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Uber Could Get Up to $1 Billion From New Chinese Investor

And the company is “spying” on its customers.

Uber CEO Travis Kalanick works with fourth graders during Cooking Matters,   a nutrition class taught by 18 Reasons,   a local partner of Share our Strength at Glen Park Elementary School in San Francisco

Ahead of its plans for an IPO, Uber is lining up some big investments from new Chines backers, the Wall Street Journal Reports. Chinese fund manager Hillhouse Capital Group is heading an investment that could come to as much as $1 billion.

Hillhouse is reportedly buying bonds from Uber which can later be exchanged for shares in the company at the IPO price once it becomes publicly traded. So it is sort of a lend to buy deal where lenders can either get their money back or buy shares in Uber.

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But as the Journal points out, there could be a conflict of interest here because the Beijing based Hillhouse Capital Group, one of the biggest fund managers in Asia, is also an investor in major Uber competitor Didi Kuaidi Joint Co., China’s largest taxi-hailing app.

Meanwhile, there is more bad news about Uber’s practices. Apparently its app can track your location even when it is not in use. So Uber can know where people with its app are at all times. The company can also use it to access a person’s contacts in order to send them ads and messages.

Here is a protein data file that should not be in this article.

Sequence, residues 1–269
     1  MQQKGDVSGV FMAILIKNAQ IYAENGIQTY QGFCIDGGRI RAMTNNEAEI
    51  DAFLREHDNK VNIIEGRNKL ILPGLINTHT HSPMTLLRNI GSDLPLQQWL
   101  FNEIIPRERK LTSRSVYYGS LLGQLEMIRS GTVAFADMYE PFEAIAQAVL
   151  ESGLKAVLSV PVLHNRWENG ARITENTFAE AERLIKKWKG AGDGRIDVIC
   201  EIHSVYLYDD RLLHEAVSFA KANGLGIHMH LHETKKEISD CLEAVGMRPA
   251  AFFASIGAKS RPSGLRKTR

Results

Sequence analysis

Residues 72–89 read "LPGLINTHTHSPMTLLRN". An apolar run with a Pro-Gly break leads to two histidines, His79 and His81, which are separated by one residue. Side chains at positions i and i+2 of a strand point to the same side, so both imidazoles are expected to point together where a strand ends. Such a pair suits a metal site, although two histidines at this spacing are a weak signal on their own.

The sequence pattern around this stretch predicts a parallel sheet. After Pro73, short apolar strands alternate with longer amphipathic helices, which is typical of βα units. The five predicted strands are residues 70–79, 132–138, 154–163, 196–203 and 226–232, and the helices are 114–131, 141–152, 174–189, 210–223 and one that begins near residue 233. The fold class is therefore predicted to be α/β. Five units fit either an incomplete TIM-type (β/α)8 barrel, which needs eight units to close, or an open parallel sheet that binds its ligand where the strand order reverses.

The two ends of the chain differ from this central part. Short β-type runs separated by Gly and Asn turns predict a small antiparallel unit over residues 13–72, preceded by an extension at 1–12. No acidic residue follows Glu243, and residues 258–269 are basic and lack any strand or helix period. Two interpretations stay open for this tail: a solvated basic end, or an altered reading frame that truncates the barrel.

The nonprofit research group, the Electronic Privacy Information Center is petitioning the Federal Trade Commission to block Uber from doing so. Its formal complaint opens as follows:

This complaint concerns proposed changes in the business practices of Uber, the largest “ridesharing” service in the United States. In less than four weeks, Uber will claim the right to collect personal contact information and detailed location data of American consumers, even when they are not using the service. These changes ignore the FTC’s prior decisions, threaten the privacy rights and personal safety of American consumers, ignore past bad practices of the company involving the misuse of location data, pose a direct risk of consumer harm, and constitute an unfair and deceptive trade practice subject to investigation by the Federal Trade Commission.

(See the full complaint Here.)

In response, Uber released a statement saying, “We care deeply about the privacy of our riders and driver-partners, and have significantly streamlined our privacy statements in order to improve readability and transparency.”

So the real question for any possible future investor in Uber is: How long amid all of the scandals and complaints will the company be able to maintain its billion Dollar plus valuation?



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